“You don't want to come across as too desperate.”
Your friend is a single guy who's not very good with women. He was able to get a girl's phone number and wants to call her the next day. You say this because you don't think he should call her that soon.
You don't want to come across as too desperate.
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You don't want to (do something)
This phrase is used to give someone advice about what not to do. It's used when you're an expert, or have some experience in a topic. So in the example above, the speaker sounds like he or she is experienced with dating or dealing with women.
come across as (something)
The way that you "come across" to people is how they see you and think about you. This phrase is a way to explain what people think of you, which can be different from how you think of yourself. So although you may think of yourself as cool and sophisticated, you might come across as unfriendly instead.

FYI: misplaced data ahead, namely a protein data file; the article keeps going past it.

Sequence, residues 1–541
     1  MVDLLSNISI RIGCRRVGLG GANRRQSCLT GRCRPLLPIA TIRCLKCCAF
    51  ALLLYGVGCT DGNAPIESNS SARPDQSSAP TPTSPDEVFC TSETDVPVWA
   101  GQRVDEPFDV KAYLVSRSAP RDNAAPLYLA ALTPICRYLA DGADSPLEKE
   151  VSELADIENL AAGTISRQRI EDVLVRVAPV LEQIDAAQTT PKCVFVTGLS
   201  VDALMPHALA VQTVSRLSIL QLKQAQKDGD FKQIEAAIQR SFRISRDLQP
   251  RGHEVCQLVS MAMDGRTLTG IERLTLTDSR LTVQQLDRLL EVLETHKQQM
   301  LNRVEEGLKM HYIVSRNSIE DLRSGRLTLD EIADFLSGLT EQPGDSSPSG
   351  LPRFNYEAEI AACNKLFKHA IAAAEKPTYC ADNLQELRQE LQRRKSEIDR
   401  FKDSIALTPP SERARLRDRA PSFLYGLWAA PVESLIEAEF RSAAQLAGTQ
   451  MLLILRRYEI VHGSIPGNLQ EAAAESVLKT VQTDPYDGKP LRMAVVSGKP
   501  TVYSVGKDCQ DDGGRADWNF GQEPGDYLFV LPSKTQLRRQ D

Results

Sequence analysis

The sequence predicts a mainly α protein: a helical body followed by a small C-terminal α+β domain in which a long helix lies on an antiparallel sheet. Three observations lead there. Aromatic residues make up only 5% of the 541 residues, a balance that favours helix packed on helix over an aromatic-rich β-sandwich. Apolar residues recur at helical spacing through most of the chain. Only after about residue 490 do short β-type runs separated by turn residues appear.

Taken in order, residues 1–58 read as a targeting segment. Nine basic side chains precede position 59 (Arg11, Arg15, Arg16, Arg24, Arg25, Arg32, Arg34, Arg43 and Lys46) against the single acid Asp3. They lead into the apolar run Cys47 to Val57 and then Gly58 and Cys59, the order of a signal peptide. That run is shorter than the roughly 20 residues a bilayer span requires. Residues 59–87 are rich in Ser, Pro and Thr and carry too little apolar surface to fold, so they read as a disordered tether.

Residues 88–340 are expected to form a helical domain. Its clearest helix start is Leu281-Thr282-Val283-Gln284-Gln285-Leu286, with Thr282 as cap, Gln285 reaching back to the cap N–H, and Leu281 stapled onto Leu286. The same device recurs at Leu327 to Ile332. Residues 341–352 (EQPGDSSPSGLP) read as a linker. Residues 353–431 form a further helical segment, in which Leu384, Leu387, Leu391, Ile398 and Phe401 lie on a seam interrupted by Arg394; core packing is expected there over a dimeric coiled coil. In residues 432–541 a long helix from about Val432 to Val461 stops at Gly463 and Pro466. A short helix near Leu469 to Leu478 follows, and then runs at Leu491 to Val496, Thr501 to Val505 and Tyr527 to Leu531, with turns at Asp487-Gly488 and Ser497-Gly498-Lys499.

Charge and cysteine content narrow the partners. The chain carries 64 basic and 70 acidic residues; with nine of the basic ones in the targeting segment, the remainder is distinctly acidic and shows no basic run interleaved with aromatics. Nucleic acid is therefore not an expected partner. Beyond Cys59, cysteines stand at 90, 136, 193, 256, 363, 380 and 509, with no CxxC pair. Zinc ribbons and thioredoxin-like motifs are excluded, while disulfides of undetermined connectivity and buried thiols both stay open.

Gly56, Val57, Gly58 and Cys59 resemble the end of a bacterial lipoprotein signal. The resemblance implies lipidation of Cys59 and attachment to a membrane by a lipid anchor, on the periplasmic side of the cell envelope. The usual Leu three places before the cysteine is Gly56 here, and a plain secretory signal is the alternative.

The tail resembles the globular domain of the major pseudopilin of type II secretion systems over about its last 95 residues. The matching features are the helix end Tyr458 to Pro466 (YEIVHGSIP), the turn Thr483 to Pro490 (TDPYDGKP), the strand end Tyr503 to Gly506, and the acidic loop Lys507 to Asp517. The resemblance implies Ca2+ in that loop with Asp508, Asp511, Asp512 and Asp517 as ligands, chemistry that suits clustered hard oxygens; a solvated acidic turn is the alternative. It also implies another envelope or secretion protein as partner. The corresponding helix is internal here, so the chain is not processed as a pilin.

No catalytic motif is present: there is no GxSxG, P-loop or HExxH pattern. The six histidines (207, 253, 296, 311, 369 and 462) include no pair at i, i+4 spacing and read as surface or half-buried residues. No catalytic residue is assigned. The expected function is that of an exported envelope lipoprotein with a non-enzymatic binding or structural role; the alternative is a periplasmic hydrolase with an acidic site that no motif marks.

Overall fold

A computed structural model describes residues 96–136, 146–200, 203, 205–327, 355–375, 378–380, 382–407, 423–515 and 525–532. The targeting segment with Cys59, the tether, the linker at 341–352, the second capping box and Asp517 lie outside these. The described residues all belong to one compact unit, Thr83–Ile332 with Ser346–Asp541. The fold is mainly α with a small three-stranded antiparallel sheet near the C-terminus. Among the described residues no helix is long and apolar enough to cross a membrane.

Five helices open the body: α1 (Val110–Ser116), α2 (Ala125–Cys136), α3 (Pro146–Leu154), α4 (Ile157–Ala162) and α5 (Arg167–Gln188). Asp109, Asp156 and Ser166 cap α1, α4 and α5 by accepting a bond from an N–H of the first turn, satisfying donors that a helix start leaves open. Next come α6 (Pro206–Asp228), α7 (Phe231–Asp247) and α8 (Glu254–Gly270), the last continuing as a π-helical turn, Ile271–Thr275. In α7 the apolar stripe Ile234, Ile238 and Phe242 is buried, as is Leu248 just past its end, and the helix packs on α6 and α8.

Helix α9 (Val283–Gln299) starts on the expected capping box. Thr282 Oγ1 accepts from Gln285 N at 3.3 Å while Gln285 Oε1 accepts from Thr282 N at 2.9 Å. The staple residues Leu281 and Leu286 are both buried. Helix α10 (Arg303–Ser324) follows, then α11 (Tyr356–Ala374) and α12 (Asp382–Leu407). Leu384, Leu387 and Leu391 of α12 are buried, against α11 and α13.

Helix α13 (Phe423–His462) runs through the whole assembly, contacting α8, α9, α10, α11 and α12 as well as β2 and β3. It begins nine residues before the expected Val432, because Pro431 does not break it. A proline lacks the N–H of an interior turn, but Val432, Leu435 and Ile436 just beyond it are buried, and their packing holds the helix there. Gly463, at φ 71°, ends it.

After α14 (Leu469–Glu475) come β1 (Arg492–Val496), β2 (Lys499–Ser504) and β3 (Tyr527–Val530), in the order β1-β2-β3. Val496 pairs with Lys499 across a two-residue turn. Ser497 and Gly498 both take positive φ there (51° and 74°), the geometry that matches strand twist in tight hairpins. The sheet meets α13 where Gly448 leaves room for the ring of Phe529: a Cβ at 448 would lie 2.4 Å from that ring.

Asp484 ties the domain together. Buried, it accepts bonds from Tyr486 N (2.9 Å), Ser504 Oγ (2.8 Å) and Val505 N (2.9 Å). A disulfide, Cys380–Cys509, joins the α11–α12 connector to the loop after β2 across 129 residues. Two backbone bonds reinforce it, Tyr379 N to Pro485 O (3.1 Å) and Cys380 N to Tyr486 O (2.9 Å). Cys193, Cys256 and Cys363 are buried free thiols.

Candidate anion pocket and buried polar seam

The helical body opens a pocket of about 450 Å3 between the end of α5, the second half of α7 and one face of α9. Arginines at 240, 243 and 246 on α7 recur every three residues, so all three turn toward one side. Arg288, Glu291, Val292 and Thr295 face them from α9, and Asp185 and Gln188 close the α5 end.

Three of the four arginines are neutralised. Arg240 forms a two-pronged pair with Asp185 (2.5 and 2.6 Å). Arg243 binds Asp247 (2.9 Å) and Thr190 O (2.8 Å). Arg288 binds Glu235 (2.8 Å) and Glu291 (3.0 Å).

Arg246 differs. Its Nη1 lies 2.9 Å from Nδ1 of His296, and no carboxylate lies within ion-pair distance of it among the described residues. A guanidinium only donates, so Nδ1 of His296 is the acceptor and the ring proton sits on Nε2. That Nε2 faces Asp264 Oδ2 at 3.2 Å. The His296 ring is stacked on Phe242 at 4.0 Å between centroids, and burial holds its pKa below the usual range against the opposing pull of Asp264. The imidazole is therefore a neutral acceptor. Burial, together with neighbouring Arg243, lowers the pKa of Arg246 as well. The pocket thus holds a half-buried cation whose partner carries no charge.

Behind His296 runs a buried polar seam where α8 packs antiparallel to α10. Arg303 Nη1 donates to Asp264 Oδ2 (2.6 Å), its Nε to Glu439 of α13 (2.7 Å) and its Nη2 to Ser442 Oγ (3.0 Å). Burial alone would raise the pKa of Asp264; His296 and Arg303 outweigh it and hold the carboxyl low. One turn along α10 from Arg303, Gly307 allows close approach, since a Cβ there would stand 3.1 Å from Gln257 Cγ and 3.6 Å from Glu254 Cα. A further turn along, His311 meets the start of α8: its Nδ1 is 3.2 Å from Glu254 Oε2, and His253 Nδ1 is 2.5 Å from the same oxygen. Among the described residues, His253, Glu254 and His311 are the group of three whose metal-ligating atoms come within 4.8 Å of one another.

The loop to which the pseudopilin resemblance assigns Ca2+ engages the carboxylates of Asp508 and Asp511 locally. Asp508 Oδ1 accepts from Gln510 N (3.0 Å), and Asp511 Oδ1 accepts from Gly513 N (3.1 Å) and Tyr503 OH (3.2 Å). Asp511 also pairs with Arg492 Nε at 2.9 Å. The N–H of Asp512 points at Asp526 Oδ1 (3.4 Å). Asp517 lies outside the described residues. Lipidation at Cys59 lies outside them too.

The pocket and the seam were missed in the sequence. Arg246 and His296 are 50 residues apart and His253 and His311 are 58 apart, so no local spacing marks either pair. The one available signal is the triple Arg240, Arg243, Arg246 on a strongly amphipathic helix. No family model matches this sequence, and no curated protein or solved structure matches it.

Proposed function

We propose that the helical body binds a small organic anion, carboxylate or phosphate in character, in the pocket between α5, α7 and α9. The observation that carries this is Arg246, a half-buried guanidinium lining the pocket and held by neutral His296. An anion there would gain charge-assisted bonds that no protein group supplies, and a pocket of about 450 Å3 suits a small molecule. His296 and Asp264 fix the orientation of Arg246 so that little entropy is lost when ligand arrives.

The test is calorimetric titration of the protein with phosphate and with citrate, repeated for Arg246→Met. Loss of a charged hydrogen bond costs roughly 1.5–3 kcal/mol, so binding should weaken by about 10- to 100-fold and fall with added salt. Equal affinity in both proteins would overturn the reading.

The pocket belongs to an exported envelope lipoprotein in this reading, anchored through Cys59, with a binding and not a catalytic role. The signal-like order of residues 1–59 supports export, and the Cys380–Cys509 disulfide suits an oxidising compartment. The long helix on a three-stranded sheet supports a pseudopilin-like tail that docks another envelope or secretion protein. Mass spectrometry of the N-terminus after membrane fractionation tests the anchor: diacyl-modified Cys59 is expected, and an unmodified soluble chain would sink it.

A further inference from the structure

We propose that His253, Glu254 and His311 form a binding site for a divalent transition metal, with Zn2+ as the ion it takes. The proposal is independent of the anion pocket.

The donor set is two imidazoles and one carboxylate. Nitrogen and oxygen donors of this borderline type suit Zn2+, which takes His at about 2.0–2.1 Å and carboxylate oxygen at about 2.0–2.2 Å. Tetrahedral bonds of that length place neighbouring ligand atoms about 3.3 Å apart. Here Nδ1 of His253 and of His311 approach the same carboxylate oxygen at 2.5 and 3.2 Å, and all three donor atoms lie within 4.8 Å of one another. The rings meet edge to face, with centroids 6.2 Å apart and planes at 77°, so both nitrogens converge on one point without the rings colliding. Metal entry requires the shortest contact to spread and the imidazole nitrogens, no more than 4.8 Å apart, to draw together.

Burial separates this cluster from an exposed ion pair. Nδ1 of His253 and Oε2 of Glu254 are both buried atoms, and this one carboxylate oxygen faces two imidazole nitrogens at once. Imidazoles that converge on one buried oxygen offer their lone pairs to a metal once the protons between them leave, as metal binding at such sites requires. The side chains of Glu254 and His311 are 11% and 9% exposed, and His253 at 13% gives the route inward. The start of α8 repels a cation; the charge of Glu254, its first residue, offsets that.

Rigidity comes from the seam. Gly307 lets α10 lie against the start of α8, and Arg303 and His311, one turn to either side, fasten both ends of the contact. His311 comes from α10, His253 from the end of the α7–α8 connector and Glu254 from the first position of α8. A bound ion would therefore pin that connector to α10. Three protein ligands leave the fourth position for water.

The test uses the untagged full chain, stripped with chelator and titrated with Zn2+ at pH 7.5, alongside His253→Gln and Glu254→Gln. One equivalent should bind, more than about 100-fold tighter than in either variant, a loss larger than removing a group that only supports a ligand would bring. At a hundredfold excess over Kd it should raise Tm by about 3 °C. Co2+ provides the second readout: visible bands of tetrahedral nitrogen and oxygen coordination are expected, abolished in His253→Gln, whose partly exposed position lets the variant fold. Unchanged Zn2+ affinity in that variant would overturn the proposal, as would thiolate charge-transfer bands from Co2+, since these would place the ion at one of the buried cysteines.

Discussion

You can follow "come across as" with a noun phrase that describes a person:
He came across as a really friendly and sweet guy at first.
Or you can follow it with an adjective phrase that describes someone's personality, like in the example above. Here's another example:
Do you think I come across to people as kind of boring?
But it sounds strange to just have a single-word adjective after "come across as", like "come across as boring" or "come across as needy".
(someone) is desperate
A person who is "desperate" needs something so badly that they will do anything to get it. You can be desperate for many things, including money, food, attention, drugs, or love.
This word sounds negative, so you use it when warning or critizing someone.